Highly skilled positions, such as engineers and technicians with knowledge in electronics and renewable energy, are particularly important, as they can help develop more efficient and cost-effective batteries. Additionally, increased investment in research and development is needed to stay at the forefront of this rapidly changing industry.
The US is playing catch up in this race and the consequences of being left behind it could be devastating. The nation must act quickly to build a sustainable battery manufacturing industry. If it hopes to compete with China and other nations that are already well ahead of the curve.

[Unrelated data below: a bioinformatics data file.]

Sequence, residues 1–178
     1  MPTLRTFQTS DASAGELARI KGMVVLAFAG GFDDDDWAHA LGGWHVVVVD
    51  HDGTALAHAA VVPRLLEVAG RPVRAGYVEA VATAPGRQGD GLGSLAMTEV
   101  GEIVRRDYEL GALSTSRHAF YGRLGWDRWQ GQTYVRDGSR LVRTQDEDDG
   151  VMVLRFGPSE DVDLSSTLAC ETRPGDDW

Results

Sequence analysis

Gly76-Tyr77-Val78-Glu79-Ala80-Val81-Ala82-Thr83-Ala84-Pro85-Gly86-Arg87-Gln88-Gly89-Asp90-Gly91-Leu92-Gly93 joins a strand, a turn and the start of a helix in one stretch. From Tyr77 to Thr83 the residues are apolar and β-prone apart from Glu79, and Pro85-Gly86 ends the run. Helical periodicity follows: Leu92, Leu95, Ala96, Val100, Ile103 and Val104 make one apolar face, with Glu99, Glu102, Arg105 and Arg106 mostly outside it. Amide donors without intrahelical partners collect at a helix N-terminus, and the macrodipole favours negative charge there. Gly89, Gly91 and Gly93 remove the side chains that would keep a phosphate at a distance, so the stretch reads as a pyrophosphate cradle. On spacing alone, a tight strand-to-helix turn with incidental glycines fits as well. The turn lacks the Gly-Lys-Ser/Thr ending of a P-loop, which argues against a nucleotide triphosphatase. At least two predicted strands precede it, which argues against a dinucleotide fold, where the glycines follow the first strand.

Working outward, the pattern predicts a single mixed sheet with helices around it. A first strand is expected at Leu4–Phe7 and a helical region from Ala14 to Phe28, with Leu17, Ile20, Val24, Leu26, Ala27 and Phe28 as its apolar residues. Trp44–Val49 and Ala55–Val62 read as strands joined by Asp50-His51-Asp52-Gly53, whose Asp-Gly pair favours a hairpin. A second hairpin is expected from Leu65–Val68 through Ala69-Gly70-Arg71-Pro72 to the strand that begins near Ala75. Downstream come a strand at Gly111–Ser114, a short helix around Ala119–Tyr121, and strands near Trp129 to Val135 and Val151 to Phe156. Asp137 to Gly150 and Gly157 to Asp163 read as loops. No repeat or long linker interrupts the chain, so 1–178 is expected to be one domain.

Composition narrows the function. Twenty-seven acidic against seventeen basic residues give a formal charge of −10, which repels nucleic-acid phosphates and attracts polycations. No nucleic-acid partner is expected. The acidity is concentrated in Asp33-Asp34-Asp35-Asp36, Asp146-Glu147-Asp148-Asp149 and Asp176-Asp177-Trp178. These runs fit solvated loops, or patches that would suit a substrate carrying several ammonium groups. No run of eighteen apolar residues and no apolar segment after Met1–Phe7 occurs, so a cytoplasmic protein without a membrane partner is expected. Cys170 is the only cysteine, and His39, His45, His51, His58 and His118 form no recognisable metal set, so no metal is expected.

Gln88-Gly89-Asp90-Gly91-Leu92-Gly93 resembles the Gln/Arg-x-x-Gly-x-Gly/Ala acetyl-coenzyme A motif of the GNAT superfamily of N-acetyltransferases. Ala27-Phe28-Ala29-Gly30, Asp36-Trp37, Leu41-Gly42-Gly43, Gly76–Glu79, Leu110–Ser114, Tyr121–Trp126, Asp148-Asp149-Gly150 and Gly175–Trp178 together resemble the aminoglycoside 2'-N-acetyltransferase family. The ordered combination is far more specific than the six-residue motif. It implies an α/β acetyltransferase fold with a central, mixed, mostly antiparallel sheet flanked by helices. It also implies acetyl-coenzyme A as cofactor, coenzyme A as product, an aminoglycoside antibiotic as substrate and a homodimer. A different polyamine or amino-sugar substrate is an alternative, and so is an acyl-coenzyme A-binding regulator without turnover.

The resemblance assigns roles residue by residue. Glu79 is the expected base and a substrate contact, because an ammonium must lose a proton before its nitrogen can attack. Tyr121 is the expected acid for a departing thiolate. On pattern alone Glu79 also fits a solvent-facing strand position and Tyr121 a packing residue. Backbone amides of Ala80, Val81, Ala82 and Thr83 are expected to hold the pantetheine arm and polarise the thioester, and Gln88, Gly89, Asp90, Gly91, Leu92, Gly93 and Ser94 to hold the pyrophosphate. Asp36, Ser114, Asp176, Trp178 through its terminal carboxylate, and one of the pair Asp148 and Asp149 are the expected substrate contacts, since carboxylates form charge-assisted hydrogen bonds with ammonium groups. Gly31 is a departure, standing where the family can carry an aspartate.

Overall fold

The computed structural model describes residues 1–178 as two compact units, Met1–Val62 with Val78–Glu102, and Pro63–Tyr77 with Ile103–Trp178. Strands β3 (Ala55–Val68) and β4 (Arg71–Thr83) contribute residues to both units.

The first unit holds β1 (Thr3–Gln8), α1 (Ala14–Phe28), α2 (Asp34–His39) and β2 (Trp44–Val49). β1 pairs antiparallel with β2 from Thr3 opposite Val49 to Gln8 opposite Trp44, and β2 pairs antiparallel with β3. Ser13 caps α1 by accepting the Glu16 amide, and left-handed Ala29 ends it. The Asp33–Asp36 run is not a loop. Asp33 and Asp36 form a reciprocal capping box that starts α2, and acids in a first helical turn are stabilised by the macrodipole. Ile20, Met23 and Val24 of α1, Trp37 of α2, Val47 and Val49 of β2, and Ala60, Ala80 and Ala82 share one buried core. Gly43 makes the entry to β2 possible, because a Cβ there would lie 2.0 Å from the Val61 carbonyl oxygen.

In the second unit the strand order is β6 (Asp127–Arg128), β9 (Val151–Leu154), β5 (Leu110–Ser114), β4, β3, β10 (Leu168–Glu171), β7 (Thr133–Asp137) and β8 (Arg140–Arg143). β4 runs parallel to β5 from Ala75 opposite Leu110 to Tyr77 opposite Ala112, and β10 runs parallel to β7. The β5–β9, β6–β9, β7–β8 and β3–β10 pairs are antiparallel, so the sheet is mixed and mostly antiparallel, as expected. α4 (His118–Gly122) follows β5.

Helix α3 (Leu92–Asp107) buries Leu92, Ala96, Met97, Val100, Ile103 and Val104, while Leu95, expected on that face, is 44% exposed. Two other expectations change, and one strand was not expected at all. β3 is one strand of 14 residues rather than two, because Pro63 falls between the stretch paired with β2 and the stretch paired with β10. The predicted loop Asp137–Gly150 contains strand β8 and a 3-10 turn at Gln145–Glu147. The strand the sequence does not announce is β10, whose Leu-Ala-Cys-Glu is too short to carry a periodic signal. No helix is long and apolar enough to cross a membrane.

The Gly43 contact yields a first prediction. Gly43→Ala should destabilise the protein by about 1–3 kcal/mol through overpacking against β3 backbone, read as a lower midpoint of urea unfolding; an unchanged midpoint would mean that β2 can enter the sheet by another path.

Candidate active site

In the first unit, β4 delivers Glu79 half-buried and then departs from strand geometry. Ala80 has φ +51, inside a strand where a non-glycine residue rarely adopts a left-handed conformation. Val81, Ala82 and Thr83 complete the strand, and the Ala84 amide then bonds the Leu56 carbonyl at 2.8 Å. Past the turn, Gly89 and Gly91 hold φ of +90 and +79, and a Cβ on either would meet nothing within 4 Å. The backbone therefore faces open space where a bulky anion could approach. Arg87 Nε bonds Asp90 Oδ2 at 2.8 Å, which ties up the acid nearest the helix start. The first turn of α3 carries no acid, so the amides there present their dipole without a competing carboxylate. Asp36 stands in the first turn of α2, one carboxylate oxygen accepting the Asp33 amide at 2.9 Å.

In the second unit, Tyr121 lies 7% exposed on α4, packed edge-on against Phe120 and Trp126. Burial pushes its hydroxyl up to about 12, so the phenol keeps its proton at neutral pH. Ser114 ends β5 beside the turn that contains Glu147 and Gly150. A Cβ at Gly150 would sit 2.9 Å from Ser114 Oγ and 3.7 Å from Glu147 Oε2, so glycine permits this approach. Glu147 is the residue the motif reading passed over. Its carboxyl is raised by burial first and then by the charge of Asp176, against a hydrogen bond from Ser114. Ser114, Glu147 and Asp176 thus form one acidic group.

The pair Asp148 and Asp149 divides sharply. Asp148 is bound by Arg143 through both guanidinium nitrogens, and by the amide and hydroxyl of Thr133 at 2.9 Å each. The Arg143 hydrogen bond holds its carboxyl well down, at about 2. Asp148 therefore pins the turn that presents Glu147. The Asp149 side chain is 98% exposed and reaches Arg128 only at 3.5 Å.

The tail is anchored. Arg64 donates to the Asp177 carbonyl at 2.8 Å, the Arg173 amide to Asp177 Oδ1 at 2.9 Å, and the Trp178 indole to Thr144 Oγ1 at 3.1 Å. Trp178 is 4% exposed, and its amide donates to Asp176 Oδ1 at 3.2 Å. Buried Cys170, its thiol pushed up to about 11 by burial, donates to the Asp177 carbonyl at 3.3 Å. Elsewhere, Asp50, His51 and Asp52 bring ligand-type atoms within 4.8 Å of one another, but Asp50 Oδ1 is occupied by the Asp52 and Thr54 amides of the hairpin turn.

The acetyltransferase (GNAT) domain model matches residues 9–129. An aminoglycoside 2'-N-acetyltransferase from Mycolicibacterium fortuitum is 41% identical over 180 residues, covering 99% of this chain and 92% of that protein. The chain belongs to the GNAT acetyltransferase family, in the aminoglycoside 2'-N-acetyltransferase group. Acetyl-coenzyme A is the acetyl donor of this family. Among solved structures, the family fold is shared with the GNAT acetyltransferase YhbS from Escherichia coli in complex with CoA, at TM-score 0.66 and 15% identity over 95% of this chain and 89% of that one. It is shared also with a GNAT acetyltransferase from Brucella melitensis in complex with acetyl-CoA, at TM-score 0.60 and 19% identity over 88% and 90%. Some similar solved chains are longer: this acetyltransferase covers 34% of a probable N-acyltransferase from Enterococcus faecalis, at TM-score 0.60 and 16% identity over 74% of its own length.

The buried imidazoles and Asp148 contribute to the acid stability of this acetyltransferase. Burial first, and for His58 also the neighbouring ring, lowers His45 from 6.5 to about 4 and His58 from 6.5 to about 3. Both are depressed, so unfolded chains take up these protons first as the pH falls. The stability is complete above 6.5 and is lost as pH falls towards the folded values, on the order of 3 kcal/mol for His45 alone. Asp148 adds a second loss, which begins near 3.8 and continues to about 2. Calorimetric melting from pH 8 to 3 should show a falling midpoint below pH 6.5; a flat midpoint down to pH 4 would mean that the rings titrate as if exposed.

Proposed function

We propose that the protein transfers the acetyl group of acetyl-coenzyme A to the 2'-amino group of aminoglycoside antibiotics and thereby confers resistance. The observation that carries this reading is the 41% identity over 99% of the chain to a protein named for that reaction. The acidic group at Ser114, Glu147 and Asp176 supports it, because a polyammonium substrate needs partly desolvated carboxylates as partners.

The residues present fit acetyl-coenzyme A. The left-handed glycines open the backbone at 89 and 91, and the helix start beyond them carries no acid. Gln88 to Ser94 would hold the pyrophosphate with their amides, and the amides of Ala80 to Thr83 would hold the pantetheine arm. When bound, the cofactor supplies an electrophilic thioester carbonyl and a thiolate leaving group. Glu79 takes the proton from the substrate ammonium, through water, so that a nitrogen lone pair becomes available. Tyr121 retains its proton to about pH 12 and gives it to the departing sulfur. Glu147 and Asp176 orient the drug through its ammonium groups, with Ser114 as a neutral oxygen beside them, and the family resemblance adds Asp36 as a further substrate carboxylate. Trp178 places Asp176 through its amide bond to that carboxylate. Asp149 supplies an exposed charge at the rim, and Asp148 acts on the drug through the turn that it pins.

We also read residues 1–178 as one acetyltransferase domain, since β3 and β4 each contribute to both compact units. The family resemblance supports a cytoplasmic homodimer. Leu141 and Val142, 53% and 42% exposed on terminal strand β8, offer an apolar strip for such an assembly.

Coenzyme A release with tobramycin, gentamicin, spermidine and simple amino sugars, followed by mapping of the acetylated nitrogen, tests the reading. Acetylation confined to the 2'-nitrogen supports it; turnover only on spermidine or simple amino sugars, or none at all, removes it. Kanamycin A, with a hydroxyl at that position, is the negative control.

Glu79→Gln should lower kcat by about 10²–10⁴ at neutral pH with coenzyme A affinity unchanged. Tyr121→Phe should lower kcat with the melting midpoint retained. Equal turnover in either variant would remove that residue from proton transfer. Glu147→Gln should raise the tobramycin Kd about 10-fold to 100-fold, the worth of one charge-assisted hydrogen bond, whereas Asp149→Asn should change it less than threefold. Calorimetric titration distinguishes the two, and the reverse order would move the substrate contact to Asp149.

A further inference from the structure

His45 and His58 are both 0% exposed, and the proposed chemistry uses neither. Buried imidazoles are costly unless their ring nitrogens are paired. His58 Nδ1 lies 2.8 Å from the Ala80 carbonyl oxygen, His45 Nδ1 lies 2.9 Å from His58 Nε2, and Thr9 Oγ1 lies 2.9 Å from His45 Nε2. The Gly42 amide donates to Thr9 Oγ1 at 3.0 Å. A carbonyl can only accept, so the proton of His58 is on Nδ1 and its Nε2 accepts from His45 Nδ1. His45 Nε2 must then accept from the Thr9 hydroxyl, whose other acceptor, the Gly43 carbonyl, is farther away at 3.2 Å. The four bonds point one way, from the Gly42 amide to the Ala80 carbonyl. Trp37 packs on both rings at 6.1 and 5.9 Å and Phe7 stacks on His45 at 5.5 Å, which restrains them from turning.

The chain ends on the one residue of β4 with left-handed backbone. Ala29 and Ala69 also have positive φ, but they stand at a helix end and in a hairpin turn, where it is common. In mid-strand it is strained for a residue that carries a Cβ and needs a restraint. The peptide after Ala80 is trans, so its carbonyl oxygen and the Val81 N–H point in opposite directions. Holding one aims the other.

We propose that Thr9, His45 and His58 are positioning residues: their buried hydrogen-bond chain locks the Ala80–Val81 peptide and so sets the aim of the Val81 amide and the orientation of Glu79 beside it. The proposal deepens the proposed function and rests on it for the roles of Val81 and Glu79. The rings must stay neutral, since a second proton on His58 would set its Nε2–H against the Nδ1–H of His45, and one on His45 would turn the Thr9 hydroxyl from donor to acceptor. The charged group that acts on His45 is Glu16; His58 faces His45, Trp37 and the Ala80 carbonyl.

To do so the US must develop an integrated strategy, encompassing all aspects of building a competitive battery supply chain from research and development to manufacturing, logistics, and recycling.
The strategy must also provide incentives for international companies to invest in domestic production and support services, such as workforce training and financing options. If done correctly, the US can create a powerful vertical battery manufacturing business that will provide long-term economic benefits and create high-paying jobs for American workers.
As a final note, the manufacturing of lithium batteries creates serious environmental issues. But the popularity of these batteries means that usage is only expected to rise. Lithium batteries are used in most electrical vehicles currently being built, with Tesla as one of the biggest users.
The increased demand for these batteries has led to a need for more responsible manufacturing and disposal practices to protect our environment.
And that’s all from Borates. Today. Thanks for listening.